Scholar and curator Isolde Brielmaier is assistant professor of critical studies in the Department of Photography, Imaging and Emerging Media at Tisch School of the Arts at New York University, where she focuses on contemporary art, global visual culture, and media and technology as platforms within which to rethink storytelling, the politics of representation, and mobility in its broadest sense. She also oversees the arts and cultural programming at the Oculus at the World Trade Center and serves as curator-at-large at the Tang Museum. Brielmaier has written extensively on contemporary art and culture, including numerous exhibition catalogue essays, journal articles, reviews, and books. Among her distinctions, Brielmaier has received fellowships from the Mellon and Ford Foundations as well as the Social Science Research Council (SSRC). She serves on several nonprofit boards and was recently named to the Board of Trustees of the New Museum. Brielmaier is deeply committed to the promotion of arts education, global women’s issues, and criminal justice reform. She holds a PhD from Columbia University.
How did you become interested in art history?
I’ve got a couple of answers to that question. I have a fairly extensive background in the arts. I’m actually a former dancer, trained in both ballet and modern, and I spent over a decade performing. More broadly speaking, when I was young, my parents thought of any and every way to get my brother and me involved in the arts. I come originally from Seattle, which has an incredible theater community and a really great dance community. When I was growing up, there were a lot of free activities, for students and young kids in particular, that yielded opportunities to engage in the arts in so many ways. So the seed was planted very early on, with viewings of African dance, Shakespeare, opera, Japanese drumming, and so on… and then I did go on to dance, and while it is a performative form of art, it also is very much concerned with the visual realm in terms of presentation, costumes, sets, creating contexts, and generating narratives. In a way, it felt like there was a natural link to the visual arts. I am not in any way a visual artist, but I think in certain ways, given my dance background, I very much relate to artists as creators and thinkers and makers. I’d been coming to New York to dance since I was in my teens, but after college I began to intern and volunteer at different museums, and that led to a much deeper involvement in museums, and in particular the Guggenheim, where I worked for two years. It was at that point that I decided to go back to graduate school and focus on art history and cultural studies.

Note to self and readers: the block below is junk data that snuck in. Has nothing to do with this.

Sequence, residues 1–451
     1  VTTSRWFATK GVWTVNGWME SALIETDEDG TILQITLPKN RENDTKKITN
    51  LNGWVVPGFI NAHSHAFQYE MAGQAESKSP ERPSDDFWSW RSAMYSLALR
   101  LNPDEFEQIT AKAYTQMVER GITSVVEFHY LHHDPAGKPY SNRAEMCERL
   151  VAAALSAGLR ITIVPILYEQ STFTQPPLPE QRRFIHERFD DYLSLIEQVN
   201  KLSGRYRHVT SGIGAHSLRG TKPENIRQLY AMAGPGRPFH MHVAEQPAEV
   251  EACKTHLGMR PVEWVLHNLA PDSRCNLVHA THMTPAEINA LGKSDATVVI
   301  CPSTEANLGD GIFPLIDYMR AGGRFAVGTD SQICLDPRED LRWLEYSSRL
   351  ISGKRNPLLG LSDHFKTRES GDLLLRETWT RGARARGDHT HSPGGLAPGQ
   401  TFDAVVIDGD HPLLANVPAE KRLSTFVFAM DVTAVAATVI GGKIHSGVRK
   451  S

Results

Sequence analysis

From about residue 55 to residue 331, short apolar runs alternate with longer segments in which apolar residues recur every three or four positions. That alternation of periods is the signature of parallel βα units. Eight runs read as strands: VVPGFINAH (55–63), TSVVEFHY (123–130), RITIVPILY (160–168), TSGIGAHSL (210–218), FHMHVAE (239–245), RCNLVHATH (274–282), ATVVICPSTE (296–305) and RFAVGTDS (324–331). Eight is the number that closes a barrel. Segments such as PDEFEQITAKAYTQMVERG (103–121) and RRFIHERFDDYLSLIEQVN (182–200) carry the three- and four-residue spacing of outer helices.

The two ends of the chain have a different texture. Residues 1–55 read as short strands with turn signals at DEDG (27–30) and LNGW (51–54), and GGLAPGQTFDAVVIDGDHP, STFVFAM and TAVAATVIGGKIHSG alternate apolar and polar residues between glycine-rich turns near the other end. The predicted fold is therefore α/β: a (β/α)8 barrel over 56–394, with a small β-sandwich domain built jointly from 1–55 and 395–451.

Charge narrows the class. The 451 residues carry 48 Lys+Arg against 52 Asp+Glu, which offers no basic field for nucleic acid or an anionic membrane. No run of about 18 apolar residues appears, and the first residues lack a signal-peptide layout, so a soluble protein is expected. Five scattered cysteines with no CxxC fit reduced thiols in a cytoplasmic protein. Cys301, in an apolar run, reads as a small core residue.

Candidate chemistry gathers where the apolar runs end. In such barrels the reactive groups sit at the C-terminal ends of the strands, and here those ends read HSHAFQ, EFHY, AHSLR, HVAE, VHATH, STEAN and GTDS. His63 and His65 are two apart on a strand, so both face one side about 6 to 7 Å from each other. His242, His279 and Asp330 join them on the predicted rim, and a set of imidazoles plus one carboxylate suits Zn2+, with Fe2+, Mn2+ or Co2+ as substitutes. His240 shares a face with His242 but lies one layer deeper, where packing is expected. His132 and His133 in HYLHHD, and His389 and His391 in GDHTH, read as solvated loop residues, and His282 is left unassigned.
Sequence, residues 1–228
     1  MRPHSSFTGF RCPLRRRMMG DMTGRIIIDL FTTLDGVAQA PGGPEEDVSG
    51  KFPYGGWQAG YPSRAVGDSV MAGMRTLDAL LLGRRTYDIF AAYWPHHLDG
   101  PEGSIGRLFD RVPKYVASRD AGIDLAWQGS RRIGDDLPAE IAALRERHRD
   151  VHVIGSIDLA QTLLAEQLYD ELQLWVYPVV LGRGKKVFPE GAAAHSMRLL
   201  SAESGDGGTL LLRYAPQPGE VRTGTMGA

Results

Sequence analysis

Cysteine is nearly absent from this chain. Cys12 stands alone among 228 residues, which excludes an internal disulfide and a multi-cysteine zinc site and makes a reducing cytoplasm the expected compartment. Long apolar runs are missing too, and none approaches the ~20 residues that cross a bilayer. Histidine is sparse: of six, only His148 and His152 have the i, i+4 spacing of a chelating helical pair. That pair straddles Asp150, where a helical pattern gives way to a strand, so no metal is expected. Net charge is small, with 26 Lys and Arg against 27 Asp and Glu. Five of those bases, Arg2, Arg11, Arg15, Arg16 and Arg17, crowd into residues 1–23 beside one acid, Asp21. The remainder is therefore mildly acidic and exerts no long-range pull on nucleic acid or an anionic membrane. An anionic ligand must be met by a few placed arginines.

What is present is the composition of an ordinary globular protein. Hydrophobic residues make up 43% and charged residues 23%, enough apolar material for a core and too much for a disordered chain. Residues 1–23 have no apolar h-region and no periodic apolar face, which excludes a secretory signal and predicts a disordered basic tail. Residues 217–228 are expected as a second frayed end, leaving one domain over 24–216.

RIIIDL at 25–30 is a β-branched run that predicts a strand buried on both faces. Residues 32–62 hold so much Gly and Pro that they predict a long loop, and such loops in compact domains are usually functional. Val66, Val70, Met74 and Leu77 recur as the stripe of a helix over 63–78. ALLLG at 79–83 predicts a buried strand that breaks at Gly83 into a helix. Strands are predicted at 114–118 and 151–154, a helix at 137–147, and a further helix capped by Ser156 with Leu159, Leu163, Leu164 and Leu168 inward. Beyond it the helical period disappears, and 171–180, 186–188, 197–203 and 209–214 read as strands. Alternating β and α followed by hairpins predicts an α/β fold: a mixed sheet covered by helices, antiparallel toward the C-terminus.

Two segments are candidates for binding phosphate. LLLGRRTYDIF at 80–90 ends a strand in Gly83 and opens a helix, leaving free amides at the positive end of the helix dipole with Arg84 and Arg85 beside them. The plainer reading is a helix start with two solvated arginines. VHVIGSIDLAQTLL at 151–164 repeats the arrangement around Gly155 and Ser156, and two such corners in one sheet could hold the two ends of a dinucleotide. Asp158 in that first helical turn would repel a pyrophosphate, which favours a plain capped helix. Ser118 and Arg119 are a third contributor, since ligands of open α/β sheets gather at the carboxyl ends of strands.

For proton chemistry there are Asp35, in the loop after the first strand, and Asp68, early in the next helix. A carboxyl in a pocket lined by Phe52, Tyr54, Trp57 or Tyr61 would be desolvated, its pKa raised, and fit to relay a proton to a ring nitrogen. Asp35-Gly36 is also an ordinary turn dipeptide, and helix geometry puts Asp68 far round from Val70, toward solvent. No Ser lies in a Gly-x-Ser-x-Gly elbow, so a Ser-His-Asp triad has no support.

I know you did your IDRF research on photographers in East Africa and a lot of your scholarship focuses on photography, so what drew you to that medium?
I would say my more recent scholarship, in terms of not only the writing, but also the curating, is very broadly focused on contemporary art and contemporary art practices, and visual culture in general—so not just photography. And as of late, I’ve moved much more into the ways in which artists and society at large engage with the digital or virtual realm and how this technology relates to the politics of representation and to racialized and sexualized bodies. And I think that the connective tissue between my earlier work with photography and what I am working on now all very much has to do with representation and voice and issues of agency and resistance. Early on, much of my interest in these issues came out of the work that I did at the Guggenheim. In 1995, I worked with a great team of curators and educators who mounted a large-scale exhibition focused on Africa and African photography at the Guggenheim. When I went to grad school, I carried this topic and interest with me. I focused specifically on East Africa because it is where half of my family is from. I have spent a lot of time there, and grew up around family pictures and photo albums, and as I was working at the Guggenheim, in particular on this project, it piqued my interest in going back and looking at all of this material. That was part of it, and the other part is the issues that still concern me in my later work: voice, presence, and the way in which people self-represent… the way in which they use those images as tools for self-articulation, but also navigating, and exploring, and finding their own space within a culture. My graduate work was really what allowed me to delve deeper into all of that.
You do a lot of curatorial work; how do you balance your roles as a curator and as an academic?
I actually think it’s so interconnected, to the point where there are moments where it just feels very seamless. What I teach—I’m an assistant professor of critical studies at NYU—very much revolves around visual culture, representation, gender, race, class, post- and neocolonial theory, and queer studies, which are all very much about voice and representation. Images arrived out of all of those spaces; they solidified ideas of what we know and what we think we know. Then when I think about that in tandem with what I do in the curatorial space, I am drawn to artists and work that considers aspects of presentation, and visibility, and audiences. I have worked with artists who engage with a range of different ideas and they are very committed to their practice and to the materials they use, whether photography, or paint, or text, and how they can use these materials as tools to propel this exchange and dialogue amongst themselves, and also between their work and society at large. There’s a very strong continuity between my teaching, scholarship, and curating and exhibition-making.
What do you find to be the most interesting or exciting parts of your work?